The multi-user utopian vision
Several bloggers are hopeful that a multi-user experience will enhance our ability to read photographs and will lead to more collaborative publishing opportunities. One proposed idea unites chefs and food photographers to create the ultimate downloadable cookbook. Green Tea Gallery points to collaborative works such as PUBLICATION as models of the future:
"There will be more and more artistic collaborations that will flood the market with hundreds, if not thousands of new publications that will feature photography related projects, interviews and articles."
Ben Huff sees the move toward innovations (such as group publications) as part of the survival instinct—necessity as the mother of invention:
"As our economy continues to stumble, i'm seeing photographers become more creative and assertive in their efforts to become a part of the machine on their own terms."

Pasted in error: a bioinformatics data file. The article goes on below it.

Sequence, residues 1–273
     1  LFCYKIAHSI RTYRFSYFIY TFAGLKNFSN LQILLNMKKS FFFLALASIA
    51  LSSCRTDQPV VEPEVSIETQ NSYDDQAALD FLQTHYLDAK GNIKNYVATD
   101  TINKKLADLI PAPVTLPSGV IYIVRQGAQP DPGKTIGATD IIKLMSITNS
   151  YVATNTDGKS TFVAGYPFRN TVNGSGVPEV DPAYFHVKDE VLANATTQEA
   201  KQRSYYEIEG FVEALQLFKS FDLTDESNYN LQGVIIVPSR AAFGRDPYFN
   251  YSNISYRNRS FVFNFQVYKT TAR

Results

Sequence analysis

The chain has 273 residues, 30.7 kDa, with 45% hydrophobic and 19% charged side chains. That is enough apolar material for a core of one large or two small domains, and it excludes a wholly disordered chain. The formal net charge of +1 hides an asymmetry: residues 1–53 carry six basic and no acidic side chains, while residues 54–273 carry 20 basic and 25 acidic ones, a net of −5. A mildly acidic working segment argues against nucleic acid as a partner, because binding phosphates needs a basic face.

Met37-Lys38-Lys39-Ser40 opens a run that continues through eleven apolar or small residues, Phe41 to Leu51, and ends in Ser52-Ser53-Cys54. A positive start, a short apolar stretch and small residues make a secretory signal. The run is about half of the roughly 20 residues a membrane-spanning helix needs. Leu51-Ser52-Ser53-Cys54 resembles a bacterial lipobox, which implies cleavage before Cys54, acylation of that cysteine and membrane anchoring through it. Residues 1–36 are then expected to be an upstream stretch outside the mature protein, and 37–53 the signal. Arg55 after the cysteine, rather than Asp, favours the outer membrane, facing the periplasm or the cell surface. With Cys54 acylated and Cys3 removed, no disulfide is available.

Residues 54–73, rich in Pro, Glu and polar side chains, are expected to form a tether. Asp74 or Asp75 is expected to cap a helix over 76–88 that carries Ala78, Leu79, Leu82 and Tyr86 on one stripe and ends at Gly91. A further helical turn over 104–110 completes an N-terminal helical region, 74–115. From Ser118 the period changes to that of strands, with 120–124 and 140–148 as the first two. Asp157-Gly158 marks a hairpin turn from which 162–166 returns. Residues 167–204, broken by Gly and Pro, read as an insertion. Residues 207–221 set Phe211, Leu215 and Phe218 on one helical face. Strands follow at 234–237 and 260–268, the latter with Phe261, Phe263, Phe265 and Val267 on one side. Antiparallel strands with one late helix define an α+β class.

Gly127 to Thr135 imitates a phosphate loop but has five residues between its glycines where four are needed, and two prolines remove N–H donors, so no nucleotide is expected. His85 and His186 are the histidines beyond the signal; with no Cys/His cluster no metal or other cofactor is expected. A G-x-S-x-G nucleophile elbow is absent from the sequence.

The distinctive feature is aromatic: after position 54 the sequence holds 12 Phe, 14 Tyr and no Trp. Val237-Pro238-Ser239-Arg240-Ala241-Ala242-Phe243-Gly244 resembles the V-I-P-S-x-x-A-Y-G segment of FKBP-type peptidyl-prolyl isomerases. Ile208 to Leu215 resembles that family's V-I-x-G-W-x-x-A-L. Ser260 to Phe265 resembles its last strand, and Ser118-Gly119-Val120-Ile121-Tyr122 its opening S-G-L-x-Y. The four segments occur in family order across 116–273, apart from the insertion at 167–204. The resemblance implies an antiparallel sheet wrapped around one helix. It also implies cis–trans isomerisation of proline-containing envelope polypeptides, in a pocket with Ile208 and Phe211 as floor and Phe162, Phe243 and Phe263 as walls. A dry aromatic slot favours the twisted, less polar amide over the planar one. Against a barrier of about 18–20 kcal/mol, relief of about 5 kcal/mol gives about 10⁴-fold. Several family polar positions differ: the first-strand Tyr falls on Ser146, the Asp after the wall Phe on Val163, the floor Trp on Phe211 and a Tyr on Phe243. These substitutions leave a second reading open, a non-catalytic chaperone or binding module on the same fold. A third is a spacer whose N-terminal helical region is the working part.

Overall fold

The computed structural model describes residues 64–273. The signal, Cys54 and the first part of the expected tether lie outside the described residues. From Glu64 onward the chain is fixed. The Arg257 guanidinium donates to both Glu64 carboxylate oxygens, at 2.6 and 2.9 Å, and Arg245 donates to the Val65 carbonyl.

The death of the editor
While some focus on cooperatives and multi-user content, others stress the rogue nature of the self-publisher. DIY=no editor, no designer, no teamwork. Critical terrain asks:
"What’s lost here? The combination of differently specialized people bringing their expertise to bear on a project in the making."
Sadkids agrees:
"My only concern in a POD world is the loss of editors. If the whole world is DIY, where are the quality checks? Look at the abundance of garbage on YouTube. No editors = lots of bad stuff."
This concern brings us back to the need for collaboration. As Amy Stein contends: